In the province of Palawan, indigenous communities and civil society have denounced illegal clearing of pristine forests and indigenous rights violations by oil palm companies
An indigenous Palawan elder points to forest destruction by Agumil in Sarong, Philippines.
Palawan, the Philippines’ westernmost province and known as the country’s last ecological frontier, is a UNESCO Biosphere Reserve, which requires the province to promote a mix of conservation and sustainable development in dialogue with local communities. However, indigenous leaders and activists who have spoken with Earthsight tell a story that is far from this ideal.
In its latest annual bulletin, the Coalition Against Land Grabbing (CALG), a local collective of indigenous peoples affiliated with the Global ICCA Consortium, said that oil palm companies have violated environmental, health and safety laws and regulations, as well as indigenous peoples’ rights.
“Oil palm is destroying Palawan’s forests, encroaching on ancestral domains and, increasingly, threatening the indigenous peoples’ food security,” the NGO said.
Oil palm companies operating in the province include Palawan Palm & Vegetable Oil Mills Inc (PPVOMI), a Singaporean-Pilipino joint venture that sells all its production to its sister company Agumil Philippines Inc (AGPI).
CALG told Earthsight that information it has obtained from industry sources reveals that kernel and crude palm oil are being shipped from Palawan to refineries in Sabah, Malaysia, and that 70% of the total production is exported to Singapore, China and Malaysia. This bluntly contrasts with the government’s initial commitment to produce healthy and cheap palm oil for local consumption.
CALG accuses the company of encroaching on ancestral lands without the free, prior and informed consent of affected communities and in violation of the Philippines’ Indigenous Peoples’ Rights Act (IPRA Law).
According to the organisation, oil palm companies have inexplicably been able to bypass provincial licensing requirements. CALG also points out that ‘Environmental Compliance Certificates’ – which do not authorise forest clearing – have been issued by the Department of Environment and Natural Resources (DENR) to Agumil and PPVOMI without sufficient evidence that environmental standards would be met.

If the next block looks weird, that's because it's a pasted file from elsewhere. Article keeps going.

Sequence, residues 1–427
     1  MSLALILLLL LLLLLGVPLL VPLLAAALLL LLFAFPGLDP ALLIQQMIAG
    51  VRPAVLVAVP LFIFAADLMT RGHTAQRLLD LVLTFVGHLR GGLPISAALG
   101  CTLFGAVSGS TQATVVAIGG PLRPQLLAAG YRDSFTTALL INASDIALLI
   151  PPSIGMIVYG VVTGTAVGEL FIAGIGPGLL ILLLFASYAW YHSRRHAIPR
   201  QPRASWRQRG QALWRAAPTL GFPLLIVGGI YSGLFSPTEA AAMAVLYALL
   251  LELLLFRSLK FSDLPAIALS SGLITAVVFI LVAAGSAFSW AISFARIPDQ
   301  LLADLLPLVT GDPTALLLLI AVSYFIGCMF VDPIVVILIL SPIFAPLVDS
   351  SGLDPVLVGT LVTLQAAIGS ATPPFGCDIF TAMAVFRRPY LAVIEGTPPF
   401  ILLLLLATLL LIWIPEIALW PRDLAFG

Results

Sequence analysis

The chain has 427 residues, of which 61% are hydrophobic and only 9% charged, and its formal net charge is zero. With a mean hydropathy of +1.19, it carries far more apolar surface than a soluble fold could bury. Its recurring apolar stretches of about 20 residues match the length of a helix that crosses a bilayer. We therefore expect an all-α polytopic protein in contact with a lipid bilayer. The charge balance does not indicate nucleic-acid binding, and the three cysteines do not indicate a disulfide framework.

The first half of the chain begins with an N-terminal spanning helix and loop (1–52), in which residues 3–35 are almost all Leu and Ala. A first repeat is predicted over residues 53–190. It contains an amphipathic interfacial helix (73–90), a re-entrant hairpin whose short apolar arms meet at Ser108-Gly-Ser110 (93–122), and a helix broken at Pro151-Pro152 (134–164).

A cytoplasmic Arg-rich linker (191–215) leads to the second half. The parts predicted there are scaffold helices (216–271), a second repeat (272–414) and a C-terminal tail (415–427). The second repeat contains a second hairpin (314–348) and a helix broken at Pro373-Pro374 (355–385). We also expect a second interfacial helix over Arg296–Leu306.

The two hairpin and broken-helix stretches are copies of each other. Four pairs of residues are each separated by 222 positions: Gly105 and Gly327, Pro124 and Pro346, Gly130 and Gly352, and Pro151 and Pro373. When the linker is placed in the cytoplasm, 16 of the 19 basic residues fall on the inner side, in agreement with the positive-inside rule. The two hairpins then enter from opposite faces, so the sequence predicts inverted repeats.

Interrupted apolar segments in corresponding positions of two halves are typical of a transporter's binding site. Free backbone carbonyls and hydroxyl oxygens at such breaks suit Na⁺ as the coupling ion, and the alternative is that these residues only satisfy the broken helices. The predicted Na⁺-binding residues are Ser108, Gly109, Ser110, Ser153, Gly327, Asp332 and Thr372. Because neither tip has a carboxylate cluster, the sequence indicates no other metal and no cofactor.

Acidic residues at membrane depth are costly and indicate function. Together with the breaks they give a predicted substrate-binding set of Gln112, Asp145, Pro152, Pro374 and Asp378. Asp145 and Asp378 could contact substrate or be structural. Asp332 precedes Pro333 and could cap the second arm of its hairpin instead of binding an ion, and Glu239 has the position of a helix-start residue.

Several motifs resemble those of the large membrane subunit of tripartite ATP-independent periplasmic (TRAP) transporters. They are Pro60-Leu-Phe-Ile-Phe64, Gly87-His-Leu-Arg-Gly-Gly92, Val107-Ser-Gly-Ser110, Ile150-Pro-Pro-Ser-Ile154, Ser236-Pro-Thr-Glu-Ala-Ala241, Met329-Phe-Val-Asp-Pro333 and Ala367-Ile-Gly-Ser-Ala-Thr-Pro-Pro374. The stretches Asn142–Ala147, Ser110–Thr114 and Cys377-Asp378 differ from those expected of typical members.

It is estimated that over 9,000 hectares of land in southern Palawan have already been converted into plantations.
Indigenous community members impacted by oil palm plantations in the Municipality of Española, Palawan.
In addition to the illegal clear-cutting of virgin forests, CALG has documented loss of biodiversity, genetic erosion of traditional crops, increasing malnutrition, low employment rates and exploitative working conditions at plantations. This contrasts with the prosperity promised by the companies and local authorities.
“Agumil told us that 70% of the benefits from the oil palm production would be given to us and only 30 percent to them. In less than one year, they said, we would have made enough profit to buy our own four-wheel drives,” says a CALG member.
Dario Novellino, an anthropologist at the University of Kent’s Centre for Biocultural Diversity who has documented the ecological collapse and social unrest taking place in Palawan told Earthsight:
“In the process of land conversion, natural resources on which traditional communities depend for their lives are completely washed away. Livelihood and cultural transmission are now irremediably affected.”
Kenisio Malasan, a traditional Pala’wan leader, speaks passionately of the importance of medicinal plants and their disappearance. “Because of oil palm plantations, it is like we are dying little by little as we no longer have those plants to cure ourselves,” he told Earthsight.
“Before we only walked a few steps away from our homes to get the raw material for making artifacts and preparing herbal medicines. Now we have to walk half a day before we can find these.”
The official government line is that oil palms are only planted on ‘idle’ and ‘abandoned’ land to enhance land rehabilitation and boost rural economy.
According to Novellino, however, “so-called ‘idle’ and ‘unproductive’ lands include ‘territories of life’ that have sustained indigenous peoples since time immemorial.”
Local communities also worry that land being converted into oil palm plantations is likely to be rendered infertile through the continuous use of chemical fertilisers. “After companies leave, it will be nearly impossible for indigenous peoples and poor farmers to revert such lands into cultivated fields,” Novellino says.
CALG has also drawn attention to the increasing violence and harassment to which indigenous leaders and other environmental activists have been subjected. In 2018 the organisation documented 25 killings of environmental human rights defenders in the country, the deadliest in southeast Asia. Activists in Palawan have received death threats.
In rare victories, CALG has succeeded in influencing the municipalities of Rizal and Quezon to pass their own resolutions against the further expansion of oil palm plantations.
However, CALG and Rainforest Rescue have called for a province-wide moratorium on oil palm expansion as the only way to prevent further damage to forests and indigenous communities.